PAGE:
Plainly, this needs to be investigated further and at very minimum Mr Tucker needs to be questioned about this memorandum and the pressure he was under from â€˜senior sourcesâ€™ in Whitehall.Â The release of the memorandum raises serious questions about the complicity of the Bank of England and the last government about LIBOR fixing. Now it maybe that the explanation is that October 2008 was at the height of the financial crisis and the Bank of England and the Government were seeking the assistance of the banks to provide a falsely healthy picture of those very banks to the market in order to prevent financial meltdown â€“ a high LIBOR rate suggests that a particular Bank is struggling to obtain finance in the inter-bank market. It is not unknown (and not necessarily entirely illegitimate) for the Bank of England to provide confidence boosting misinformation to the market.
This, of course, does not explain why LIBOR was being fixed by the banks in the period prior to the financial crisis and should not be allowed to become the sole focus of any further enquiry. However, it does need to be thoroughly investigated and the extent of the complicity in rate fixing needs to be understood. The current government proposal of this being undertaken by a Parliamentary Committee is wholly inadequate to the task.
The banks have already brought the global financial system to the very edge of collapse in 2008-9. Add to this the revelations on LIBOR fixing, which may represent the biggest fraud the world has ever seen. The total value of contracts affected by LIBOR based interest rate setting is an almost unimaginable $504Tn. Then there is the recent revelations of the mis-selling of LIBOR based interest rate swap financial products to businesses.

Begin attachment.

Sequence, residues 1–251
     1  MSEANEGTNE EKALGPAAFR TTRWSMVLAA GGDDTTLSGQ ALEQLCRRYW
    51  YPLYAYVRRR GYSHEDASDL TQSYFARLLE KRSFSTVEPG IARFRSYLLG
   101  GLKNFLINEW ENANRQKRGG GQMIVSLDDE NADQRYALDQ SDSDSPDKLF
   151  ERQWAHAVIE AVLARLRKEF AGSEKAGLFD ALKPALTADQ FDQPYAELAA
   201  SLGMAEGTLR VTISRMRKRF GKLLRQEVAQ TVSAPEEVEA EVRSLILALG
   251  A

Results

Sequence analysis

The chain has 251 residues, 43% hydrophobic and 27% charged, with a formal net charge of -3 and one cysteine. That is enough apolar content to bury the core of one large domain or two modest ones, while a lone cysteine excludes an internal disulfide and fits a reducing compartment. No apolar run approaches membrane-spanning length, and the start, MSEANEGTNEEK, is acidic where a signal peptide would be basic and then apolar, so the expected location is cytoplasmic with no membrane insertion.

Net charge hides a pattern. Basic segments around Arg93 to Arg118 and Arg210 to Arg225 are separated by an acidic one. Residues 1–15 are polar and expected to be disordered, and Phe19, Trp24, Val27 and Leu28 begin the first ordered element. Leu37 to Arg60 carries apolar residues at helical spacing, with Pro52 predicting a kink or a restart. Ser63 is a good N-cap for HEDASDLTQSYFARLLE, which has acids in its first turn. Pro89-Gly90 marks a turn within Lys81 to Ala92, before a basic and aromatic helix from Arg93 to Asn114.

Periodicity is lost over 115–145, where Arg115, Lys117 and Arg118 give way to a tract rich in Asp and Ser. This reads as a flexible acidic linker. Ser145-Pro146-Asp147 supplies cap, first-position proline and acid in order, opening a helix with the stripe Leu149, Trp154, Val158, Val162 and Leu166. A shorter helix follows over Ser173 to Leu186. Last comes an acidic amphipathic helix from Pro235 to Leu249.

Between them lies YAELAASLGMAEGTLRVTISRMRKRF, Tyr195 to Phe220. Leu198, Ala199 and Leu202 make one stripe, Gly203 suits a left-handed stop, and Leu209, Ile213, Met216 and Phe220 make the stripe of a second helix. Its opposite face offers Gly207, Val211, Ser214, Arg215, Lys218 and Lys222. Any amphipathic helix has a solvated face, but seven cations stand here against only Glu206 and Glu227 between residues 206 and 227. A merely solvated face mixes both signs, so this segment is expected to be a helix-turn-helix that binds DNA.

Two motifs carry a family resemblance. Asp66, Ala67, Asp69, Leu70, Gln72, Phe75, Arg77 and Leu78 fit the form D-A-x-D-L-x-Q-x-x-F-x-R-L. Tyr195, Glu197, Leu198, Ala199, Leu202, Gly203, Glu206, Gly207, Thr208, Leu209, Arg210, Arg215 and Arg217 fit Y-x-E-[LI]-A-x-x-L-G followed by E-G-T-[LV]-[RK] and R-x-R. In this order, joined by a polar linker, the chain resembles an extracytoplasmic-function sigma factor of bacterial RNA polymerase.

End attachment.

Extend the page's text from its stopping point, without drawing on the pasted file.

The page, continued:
Far more than the inter-relationship between politics, police and the media, the recent behavior of the banks and the culture of the banking industry cries out to be the subject of forensic investigation. There needs to be cross-examination, evidence on oath, disclosure obligations and ultimately if enough evidence is found prosecutions. MPs and Select Committees are not sufficiently equipped, either in skills, resources or frankly the will, to get to the rotten core of the banking system.
As anyone who heard George Osborne this morning on the Today programme will depressingly know, the governmentâ€™s line will be that this is all the fault of Gordon Brown and Ed Balls. It has once again revealed the lack of seriousness in the government, despite everything, to cleanse the banking system of the disastrous and damaging culture that currently exists. Â They instead see it as a cheap political game. Â The so called â€˜light touchâ€™ regulation of the banks in the Blair Brown years was indeed folly of the first order, but let us not forget that even as Northern Rock was going under, the Tories were calling for more de-regulation. Â Perhaps no surprise when 50% of Tory party funds come from City sources.
Nor is the fact that a judicial Inquiry will take longer an adequate objection. Â These are matters of the utmost seriousness and call for proper scrutiny not a few quick grandstanding sessions by a select committee and then a report dividing on partisan lines, like the Culture and Media Select Committee report over phone hacking. Â That naturally takes time, as Leveson is showing. Â But on any view a judicial Inquiry will be over considerably before the government implements the Vickers recommendations, which it has punted off until 2019.
The case for a judicial inquiry is overwhelming. Ed Miliband is right to push for it no matter how uncomfortable it would ultimately prove for former Labour Ministers.